12 vintage Fourth of July photos remind you why this country's so darn great.

Ah, the Fourth of July: the day Earth gave birth to the United States of America.

If Americans have been good at doing one thing throughout the past 240 years, it's been throwing amazing birthday bashes for the place we call home.

Just check out these 12 vintage pics that prove that point nicely:


1. We've rocked sparklers in high heels like champs.

Photo, taken in 1932, by General Photographic Agency/Getty Images.

2. We've created our own patriotic boy bands to commemorate the occasion.

Photo taken in 1940 by Bert Garai/Keystone View/Hulton Archive/Getty Images.

Watch out, One Direction.

3. Sometimes, we've taken breathers in the summer sun too. (It is a holiday, after all.)

Photo taken in 1957 by Terry Fincher/Keystone/Getty Images.

4. And other times, we've thrown big neighborhood picnics.

Because food + sunshine = pure bliss.

These South Carolinians did it right back in 1939. Image from The New York Public Library.

5. Some of us have been gracious enough to celebrate our independence with prominent foreign figures — even if they used to be our enemies.

U.S. Ambassador Lewis Douglas enjoyed a chat with the First Lady of London at a Fourth of July party in 1951. Photo by Keystone/Hulton Archive/Getty Images.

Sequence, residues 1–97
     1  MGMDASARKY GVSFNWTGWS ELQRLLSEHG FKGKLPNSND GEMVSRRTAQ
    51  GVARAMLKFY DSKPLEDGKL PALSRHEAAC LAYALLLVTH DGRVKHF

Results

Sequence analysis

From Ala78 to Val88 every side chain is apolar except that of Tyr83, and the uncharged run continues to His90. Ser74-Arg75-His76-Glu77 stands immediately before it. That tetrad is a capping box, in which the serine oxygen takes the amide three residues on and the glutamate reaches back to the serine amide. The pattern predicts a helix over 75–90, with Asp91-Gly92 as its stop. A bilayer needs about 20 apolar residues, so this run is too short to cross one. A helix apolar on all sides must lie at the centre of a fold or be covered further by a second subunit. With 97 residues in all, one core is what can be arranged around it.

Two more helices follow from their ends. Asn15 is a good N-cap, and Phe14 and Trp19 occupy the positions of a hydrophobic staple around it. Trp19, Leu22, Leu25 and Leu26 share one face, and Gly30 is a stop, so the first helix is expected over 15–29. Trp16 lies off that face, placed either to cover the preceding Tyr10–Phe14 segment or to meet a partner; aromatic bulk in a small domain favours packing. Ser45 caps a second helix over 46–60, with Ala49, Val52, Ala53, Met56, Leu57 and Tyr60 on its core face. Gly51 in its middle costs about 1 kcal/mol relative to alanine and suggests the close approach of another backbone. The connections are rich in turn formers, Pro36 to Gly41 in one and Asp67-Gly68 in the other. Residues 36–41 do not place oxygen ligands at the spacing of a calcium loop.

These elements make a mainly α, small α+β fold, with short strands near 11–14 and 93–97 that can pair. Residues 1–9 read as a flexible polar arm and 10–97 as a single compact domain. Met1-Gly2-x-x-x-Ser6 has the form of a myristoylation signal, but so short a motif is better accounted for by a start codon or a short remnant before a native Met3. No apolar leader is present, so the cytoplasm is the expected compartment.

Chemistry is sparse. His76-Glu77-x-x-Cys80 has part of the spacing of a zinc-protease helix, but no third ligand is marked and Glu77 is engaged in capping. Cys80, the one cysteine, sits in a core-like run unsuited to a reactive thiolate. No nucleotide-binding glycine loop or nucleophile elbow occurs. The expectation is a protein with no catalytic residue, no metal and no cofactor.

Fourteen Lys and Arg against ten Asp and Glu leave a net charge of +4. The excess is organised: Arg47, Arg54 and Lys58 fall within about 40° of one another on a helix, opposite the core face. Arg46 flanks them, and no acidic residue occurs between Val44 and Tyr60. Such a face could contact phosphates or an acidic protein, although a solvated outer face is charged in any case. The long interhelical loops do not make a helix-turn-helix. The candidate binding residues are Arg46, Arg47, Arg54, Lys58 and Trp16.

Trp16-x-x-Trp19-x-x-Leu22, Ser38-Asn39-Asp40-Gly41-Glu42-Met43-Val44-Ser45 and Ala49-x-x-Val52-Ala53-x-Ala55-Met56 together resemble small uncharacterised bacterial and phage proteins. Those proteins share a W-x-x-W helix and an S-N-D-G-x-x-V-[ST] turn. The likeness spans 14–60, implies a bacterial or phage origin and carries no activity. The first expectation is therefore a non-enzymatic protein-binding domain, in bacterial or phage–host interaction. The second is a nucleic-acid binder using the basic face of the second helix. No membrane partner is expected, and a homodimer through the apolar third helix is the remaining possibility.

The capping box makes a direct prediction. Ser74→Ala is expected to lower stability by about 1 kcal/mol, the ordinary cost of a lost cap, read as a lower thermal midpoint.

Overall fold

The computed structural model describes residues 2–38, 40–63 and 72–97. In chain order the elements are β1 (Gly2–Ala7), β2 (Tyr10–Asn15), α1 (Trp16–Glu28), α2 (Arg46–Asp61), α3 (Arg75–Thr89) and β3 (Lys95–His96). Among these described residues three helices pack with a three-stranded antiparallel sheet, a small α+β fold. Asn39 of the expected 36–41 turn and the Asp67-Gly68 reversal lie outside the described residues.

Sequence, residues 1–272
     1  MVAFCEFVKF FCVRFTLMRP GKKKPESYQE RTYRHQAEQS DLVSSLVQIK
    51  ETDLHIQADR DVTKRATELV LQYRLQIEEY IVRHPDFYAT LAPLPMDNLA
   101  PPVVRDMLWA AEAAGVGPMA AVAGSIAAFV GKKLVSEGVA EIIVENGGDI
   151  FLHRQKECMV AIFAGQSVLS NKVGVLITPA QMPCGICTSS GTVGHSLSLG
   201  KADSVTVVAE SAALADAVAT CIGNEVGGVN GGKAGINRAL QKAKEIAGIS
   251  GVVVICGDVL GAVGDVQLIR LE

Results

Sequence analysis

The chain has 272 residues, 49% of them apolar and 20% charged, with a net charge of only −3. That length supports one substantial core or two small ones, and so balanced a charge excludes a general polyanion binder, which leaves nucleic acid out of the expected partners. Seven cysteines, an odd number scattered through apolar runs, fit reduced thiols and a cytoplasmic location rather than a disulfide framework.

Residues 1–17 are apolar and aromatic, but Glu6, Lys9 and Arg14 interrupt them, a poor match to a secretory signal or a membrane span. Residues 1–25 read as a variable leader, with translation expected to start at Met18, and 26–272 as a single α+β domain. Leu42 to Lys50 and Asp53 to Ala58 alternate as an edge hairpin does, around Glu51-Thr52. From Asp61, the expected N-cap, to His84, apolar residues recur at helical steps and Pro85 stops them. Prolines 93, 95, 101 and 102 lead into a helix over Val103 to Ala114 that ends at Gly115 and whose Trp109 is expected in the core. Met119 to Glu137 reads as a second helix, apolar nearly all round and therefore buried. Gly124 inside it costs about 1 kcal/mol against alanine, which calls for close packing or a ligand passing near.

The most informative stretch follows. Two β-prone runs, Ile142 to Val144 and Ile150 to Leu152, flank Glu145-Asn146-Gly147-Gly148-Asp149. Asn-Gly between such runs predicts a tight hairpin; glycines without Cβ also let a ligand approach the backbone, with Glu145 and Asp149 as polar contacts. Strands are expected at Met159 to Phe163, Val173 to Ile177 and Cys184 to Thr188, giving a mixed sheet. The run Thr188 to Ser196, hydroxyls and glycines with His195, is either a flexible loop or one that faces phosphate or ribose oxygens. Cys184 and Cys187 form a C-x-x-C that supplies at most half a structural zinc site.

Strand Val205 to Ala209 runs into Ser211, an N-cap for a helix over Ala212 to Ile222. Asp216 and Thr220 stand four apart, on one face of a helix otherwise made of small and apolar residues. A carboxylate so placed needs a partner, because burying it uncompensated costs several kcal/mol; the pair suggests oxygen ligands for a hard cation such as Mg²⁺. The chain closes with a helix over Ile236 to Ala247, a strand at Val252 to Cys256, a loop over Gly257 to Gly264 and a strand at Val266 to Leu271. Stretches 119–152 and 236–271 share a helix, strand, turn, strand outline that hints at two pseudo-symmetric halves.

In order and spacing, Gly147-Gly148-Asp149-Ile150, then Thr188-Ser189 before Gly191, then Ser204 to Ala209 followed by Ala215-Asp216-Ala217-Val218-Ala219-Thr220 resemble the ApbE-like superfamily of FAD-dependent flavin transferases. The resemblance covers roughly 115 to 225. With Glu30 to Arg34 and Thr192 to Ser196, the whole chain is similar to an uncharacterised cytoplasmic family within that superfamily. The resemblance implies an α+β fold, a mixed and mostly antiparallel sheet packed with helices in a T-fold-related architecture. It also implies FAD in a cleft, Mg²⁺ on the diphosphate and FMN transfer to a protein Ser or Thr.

U-S-A! U-S-A!

6. But we haven't always been gracious enough to forgive our parents for forcing us into those George Washington costumes.

Photo taken in 1955 by Evans/Three Lions/Getty Images.

7. We've always made sure to clean up nicely for the big day.

Photo taken in 1955 by Evans/Three Lions/Getty Images.

8. Because the Fourth is a pretty huge deal. Listen to the folks in Lititz, Pennsylvania — they'll tell you.

Photo taken in 1955 by Evans/Three Lions/Getty Images.

9. In Lititz, sparklers have always been a favorite throughout the years...

Photo by Keystone View/FPG/Getty Images.

10. But they're not the only things lighting up the night sky.

Each year, people in Lititz light thousands of candles to celebrate our country's independence — a local tradition that's been going strong since 1843.

Photo taken in 1955 by Evans/Three Lions/Getty Images.

11. The town also throws a Queen of Candles pageant, which still carries on today.

Photo taken in 1955 by Evans/Three Lions/Getty Images.

The people of Lititz are one patriotic bunch.

12. So this Fourth of July, let's continuing honoring this fantastic country in the best ways we know how...

Photo taken in 1955 by Evans/Three Lions/Getty Images.

But we should also remember why and what we're celebrating in the first place.

America's collective drive to "form a more perfect union" is baked right into our DNA. And that's pretty cool.

I mean, there were a number of troubling things about the U.S. back in 1776.

Like the fact women were still 144 years away from obtaining the right to vote, and the old white guys who drafted the Declaration of Independence actually nixed an anti-slavery provision in the process. Just to name a couple.

But remembering our unfortunate past shouldn't ruin our perception of the place we call home — it should speak to its greatness.

America is where Martin Luther King Jr. walked the walk. It's where Harvey Milk gave us hope. It's where Gloria Steinem demanded more of us.

And it's where countless others will soon change the world too.